Incentizing wellness is a new tactic many companies are trying out to reduce costs. The Vitality Group has made a business consulting in this area, and other programs such as Blue Zones and Healthways are doing the same. Can you hire one of them to help you cut costs? You sure can, according to a Florida court.
Court Finds Wellness Program Incentives not Illegal
April 13, 2011 (PLANSPONSOR.com) – A federal court has dismissed a lawsuit which alleged that financial incentives to participate in a voluntary wellness program as part of a health plan provided to employees violated the Americans with Disabilities Act.
Business Insurance reports that in Bradley Seff vs. Broward County, U.S. District Judge K. Michael Moore of the U.S. District Court for the Southern District of Florida granted summary judgment to Broward County, ruling that the wellness program falls under the safe harbor provision of the ADA and is based on insurance and risk management principles. “It is clear to this court that the wellness program is not a subterfuge; it was not designed to evade the purpose of the ADA,” wrote Moore, according to Business Insurance. “Rather, it is a valid term of a benefits plan that falls within the ambit of the ADA’s safe harbor provision.”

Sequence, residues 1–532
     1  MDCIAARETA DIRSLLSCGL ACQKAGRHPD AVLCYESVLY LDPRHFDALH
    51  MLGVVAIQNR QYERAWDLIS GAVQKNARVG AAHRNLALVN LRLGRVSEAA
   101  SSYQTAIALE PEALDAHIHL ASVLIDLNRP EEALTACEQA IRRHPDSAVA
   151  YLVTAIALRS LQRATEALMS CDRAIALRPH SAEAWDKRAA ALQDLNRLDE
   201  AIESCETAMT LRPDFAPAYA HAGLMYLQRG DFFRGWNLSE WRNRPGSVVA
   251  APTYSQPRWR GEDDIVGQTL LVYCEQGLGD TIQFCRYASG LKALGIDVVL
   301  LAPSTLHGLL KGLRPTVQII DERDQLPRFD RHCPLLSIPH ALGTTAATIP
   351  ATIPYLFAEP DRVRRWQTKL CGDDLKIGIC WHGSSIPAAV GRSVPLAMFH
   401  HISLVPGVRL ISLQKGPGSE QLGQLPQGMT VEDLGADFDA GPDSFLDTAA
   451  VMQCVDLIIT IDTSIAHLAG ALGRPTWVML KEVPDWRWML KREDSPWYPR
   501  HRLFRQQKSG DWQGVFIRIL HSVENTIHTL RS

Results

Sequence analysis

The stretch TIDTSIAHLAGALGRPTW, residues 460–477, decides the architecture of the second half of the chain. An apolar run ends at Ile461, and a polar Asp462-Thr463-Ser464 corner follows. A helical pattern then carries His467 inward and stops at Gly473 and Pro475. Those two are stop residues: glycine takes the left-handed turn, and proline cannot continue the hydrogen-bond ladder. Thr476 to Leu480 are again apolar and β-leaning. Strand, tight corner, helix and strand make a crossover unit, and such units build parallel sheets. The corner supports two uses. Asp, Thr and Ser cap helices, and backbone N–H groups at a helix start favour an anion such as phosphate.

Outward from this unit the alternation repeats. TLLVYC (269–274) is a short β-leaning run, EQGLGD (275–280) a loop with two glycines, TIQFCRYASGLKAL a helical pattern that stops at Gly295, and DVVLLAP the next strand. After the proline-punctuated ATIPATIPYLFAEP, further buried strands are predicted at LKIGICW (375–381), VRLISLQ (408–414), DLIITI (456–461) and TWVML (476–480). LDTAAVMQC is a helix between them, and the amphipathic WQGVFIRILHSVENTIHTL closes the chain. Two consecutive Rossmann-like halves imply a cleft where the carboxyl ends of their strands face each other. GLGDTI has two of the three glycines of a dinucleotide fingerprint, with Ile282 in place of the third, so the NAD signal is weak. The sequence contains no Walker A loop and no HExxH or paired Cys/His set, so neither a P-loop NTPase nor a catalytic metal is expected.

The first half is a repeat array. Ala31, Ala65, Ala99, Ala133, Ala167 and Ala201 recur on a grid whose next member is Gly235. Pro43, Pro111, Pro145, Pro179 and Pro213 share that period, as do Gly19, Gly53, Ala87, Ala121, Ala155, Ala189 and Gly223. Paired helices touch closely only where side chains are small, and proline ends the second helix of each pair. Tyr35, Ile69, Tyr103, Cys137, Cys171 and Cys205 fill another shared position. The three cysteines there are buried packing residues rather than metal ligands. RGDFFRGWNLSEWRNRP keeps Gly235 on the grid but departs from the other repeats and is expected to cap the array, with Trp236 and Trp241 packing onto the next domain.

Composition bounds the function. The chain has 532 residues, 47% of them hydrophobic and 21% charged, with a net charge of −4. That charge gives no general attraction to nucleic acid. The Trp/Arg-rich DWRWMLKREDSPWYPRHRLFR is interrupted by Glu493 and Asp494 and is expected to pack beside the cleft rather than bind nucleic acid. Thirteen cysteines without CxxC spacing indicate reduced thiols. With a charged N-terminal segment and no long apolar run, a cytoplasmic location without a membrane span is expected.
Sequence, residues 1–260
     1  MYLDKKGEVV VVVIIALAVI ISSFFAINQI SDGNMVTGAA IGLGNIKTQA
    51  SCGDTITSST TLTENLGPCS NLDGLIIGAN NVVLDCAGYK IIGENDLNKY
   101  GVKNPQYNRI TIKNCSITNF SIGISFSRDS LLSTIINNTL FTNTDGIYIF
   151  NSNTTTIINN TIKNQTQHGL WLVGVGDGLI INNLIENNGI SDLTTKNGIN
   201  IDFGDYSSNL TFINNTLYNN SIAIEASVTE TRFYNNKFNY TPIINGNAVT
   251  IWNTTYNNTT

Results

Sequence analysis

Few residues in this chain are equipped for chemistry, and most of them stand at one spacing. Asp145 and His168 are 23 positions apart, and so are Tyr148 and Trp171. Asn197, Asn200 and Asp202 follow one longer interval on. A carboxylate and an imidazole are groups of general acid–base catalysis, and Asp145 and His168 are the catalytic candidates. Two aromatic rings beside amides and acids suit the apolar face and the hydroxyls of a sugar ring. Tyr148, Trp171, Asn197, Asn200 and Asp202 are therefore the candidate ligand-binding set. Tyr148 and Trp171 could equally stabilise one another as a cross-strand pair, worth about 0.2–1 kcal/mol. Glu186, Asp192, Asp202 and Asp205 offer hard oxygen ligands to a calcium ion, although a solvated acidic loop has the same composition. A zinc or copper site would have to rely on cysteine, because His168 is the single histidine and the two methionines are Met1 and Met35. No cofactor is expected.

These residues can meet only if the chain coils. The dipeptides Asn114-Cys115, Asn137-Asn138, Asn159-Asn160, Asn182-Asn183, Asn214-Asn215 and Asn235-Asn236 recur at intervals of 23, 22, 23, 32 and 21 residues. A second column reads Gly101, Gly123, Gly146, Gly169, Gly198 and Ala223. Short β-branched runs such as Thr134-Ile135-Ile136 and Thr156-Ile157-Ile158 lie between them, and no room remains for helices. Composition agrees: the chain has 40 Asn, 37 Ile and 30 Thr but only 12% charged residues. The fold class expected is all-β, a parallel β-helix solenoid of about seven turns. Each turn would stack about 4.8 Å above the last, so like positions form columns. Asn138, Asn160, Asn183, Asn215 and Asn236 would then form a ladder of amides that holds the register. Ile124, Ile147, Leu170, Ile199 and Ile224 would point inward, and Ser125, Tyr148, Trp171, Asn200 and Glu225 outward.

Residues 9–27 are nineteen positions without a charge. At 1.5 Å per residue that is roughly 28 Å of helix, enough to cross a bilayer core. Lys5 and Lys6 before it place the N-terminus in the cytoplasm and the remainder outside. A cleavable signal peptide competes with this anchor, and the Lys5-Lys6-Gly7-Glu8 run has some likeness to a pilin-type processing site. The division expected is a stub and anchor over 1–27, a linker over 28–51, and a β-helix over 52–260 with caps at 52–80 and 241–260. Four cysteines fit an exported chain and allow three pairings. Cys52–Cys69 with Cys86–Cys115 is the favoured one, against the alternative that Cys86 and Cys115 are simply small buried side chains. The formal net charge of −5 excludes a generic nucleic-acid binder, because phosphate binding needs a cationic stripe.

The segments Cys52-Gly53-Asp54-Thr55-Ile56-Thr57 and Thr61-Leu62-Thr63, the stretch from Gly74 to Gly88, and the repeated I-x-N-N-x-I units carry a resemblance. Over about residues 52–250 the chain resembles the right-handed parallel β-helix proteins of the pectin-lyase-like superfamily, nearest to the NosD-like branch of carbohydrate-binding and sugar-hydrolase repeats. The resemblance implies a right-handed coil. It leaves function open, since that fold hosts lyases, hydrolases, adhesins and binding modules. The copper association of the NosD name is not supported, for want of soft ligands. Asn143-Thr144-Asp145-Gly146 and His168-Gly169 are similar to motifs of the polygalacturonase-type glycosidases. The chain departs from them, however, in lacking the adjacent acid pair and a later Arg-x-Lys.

The news report said that in 2009, Broward County implemented a wellness program to address rising health care costs and its aging workforce, according to court documents. Under the program, employees were required to take a health assessment test and produce a blood sample to determine glucose and cholesterol levels.
The following year, the county decided to incentivize its workforce by applying a $20 surcharge per paycheck for individuals not participating in the wellness program.
Former employee Bradley Seff filed a class action complaint alleging that the county violated the ADA by requiring employees to undergo medical examinations and making medical inquiries about them. According to Business Insurance, Seff argued that the wellness program was implemented not to manage risks but to further a desire to keep employees healthy, court documents said. Rebecca Moore